Producing content that presents data in unique and clever ways is almost guaranteed to earn you links. To get started though, you need to know where to find that data.
If you’re unable to generate interesting and significant data in-house, then your other option is to go hunting for relevant data that is already in the public domain. It might not be new and unique information, but if you can present it in a unique way and use it to draw conclusions that others in your industry find interesting and significant then it can be a great way to build links.
Below we have identified the best sources of free information to get your creative juices flowing…
Google have built a search engine specifically to find interesting data sets, which features data that has been correctly marked up using the schema.org framework.
Although it’s not an exhaustive list of all the data available on the internet about a certain topic, it’s definitely a good place to start.
Google Dataset Search features an intuitive search box that displays some of the available datasets automatically:
When you click through to search, you get a full list of all the datasets related to your search term showing who published the data, when it was last updated and a link to the source.
It’s best to be specific as possible with your search term, as Google Dataset Search will show 100’s of results for broad topics.
With over 13,000 datasets available, the EU Open Data Portal (EU ODP) is a great option for finding topical and interesting data sets.
The EU ODP gives you access to all open data published by EU institutions and bodies.
As you can probably imagine, the datasets available on the EU ODP are quite dry and “bureaucratic” – but that just means there’s loads of scope to present the data in more interesting ways.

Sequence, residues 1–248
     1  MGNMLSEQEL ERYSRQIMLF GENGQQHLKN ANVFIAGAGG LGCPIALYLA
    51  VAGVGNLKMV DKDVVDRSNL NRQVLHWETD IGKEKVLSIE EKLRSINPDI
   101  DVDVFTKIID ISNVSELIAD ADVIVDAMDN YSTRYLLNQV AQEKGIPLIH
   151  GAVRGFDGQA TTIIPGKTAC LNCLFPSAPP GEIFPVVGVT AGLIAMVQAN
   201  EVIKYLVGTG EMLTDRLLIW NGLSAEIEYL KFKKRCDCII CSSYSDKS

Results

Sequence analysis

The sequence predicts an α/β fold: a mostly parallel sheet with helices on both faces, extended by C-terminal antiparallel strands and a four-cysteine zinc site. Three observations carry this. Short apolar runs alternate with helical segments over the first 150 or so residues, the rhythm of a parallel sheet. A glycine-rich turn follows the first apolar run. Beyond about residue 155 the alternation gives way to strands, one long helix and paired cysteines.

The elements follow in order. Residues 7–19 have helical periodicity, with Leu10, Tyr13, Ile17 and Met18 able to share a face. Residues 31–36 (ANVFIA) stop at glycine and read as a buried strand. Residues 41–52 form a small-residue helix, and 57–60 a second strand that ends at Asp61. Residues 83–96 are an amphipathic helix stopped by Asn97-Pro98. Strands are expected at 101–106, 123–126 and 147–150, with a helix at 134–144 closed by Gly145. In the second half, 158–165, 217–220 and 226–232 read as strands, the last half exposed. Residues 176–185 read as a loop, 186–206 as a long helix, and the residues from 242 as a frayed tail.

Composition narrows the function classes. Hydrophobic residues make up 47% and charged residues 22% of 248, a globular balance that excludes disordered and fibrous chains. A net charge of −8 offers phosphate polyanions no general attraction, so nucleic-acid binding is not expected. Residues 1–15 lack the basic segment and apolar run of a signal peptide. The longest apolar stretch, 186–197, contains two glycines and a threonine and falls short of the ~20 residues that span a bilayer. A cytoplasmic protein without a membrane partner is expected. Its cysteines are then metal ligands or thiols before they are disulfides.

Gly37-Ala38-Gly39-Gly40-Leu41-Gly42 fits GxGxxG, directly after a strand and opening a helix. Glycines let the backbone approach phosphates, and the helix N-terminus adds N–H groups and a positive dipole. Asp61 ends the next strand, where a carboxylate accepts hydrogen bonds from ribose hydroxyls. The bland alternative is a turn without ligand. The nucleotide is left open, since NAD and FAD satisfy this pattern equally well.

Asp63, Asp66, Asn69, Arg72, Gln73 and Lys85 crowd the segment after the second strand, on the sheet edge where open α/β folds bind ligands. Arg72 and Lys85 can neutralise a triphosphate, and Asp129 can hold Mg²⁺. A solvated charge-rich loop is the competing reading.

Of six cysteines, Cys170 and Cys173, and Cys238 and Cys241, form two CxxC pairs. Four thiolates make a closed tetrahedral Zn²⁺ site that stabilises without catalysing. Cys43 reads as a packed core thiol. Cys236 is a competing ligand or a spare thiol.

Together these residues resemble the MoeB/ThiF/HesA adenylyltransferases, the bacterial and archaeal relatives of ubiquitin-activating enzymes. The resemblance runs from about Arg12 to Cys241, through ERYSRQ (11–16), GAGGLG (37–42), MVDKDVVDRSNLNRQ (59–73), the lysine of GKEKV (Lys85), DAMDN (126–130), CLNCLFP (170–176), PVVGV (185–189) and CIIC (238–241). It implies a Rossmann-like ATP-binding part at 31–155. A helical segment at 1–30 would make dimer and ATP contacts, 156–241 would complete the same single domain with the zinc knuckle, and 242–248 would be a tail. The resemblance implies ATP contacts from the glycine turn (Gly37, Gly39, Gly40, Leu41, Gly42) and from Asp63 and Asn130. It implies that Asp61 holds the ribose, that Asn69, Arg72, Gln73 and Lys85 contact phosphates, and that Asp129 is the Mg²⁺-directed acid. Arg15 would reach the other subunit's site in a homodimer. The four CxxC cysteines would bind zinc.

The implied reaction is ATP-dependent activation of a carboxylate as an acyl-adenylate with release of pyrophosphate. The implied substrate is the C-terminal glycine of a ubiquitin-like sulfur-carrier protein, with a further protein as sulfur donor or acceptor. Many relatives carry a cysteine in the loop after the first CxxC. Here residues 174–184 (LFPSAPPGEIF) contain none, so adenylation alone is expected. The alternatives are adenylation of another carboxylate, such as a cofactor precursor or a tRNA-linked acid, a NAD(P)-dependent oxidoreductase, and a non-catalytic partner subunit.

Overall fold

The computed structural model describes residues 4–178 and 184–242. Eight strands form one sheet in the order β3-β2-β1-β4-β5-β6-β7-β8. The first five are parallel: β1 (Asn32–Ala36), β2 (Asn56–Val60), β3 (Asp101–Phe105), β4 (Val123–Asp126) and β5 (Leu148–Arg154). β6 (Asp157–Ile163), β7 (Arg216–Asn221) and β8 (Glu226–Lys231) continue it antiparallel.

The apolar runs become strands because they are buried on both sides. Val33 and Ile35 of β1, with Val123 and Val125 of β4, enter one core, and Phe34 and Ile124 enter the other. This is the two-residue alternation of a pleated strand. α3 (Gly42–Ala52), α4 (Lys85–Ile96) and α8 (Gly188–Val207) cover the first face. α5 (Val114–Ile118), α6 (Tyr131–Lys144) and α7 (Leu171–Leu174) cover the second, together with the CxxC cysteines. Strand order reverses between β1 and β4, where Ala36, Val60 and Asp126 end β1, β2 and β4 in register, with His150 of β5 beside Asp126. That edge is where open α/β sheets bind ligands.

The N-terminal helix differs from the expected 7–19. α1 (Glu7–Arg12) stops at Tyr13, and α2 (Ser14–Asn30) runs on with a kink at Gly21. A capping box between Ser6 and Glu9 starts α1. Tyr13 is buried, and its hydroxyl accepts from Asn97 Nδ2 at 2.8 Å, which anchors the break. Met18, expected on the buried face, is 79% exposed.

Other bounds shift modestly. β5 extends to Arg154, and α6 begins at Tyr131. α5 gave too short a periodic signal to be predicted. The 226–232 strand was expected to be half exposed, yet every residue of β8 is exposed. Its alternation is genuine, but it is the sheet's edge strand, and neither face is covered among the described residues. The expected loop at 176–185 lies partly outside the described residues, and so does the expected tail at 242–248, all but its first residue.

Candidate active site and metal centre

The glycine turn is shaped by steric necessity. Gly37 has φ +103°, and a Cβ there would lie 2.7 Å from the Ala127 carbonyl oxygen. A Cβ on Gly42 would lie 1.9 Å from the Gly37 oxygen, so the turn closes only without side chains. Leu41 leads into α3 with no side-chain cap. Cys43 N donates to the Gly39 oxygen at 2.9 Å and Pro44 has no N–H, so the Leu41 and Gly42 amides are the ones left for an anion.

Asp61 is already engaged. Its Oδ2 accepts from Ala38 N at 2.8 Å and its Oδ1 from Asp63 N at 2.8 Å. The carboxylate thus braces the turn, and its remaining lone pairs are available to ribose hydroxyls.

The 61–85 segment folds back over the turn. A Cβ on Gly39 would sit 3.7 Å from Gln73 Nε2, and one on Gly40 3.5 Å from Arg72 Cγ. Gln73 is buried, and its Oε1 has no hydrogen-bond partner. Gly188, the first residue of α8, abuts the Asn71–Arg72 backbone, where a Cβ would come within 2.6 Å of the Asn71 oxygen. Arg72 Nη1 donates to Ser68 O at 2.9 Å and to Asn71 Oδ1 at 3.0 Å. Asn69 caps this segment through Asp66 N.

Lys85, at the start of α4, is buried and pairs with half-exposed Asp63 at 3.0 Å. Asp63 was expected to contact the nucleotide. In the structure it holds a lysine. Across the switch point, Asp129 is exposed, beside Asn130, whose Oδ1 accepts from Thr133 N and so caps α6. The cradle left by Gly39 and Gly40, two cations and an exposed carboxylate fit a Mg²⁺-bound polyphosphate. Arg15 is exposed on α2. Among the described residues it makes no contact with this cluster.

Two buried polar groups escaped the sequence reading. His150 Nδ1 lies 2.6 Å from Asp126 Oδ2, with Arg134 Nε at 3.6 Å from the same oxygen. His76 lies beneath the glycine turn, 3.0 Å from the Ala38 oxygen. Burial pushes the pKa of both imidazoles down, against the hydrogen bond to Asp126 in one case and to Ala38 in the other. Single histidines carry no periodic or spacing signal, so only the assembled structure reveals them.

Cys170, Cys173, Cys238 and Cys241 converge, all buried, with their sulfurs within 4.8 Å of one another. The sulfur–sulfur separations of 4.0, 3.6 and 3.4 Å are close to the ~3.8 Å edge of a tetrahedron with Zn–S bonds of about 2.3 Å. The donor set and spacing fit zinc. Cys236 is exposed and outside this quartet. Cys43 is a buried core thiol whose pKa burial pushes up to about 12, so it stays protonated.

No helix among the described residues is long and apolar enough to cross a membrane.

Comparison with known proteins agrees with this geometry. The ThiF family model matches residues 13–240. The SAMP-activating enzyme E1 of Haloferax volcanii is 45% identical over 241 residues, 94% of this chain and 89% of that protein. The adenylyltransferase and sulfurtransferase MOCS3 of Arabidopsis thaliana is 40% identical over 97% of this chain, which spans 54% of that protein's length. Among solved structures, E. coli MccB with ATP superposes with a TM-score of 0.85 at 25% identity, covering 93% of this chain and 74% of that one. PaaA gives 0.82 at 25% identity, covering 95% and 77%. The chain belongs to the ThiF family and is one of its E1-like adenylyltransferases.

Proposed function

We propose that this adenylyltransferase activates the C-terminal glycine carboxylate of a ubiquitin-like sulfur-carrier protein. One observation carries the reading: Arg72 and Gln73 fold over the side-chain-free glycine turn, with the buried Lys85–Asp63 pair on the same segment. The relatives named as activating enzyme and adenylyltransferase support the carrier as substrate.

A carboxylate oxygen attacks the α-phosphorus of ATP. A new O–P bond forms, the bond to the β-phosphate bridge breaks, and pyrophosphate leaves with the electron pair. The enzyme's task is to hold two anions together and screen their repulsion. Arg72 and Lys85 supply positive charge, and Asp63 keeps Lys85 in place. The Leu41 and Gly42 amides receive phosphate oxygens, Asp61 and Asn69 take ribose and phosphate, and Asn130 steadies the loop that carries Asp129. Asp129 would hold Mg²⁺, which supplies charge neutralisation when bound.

You will find datasets on the following subjects:
- Information on crime, transport, health, the environment, and science research
- Election results
- Legal acts
For UK-specific data the data.gov.uk site is a must. The site has recently undergone a redesign, with a lot of old datasets removed. What’s left is therefore fully up-to-date open data from UK government departments for you to do with as you please.
You can see from the categories above that this is an extensive library of datasets for you to get your teeth into.
Produced by the CIA, The World Factbook provides a wealth of information about every country in the world.
You can find data about populations, language use, economy, religions, economic data, energy usage and a lot more.
The World Factbook is updated on a weekly basis, so is a great source of up to date information about any and every country.
Reddit in general is a great place to go looking for interesting data and ideas to inform your content. Just find the best subreddit for your niche/industry and get searching. If you need help with getting started, check out this list of all the best subreddits.
If it’s ideas on how to present data, then the r/dataisbeautiful subreddit is full of great examples you can use for inspiration.
You can also use the r/datasets subreddit to find data that redditors have either submitted themselves or have requested. You can even make your own request to ask where to find a specific data set.
As Reddit is all user-generated content, you need to approach this with the caveat that the data you find may not be totally reliable – but if you’re struggling and need a bit of help finding the right data this can be a great place to get back on track.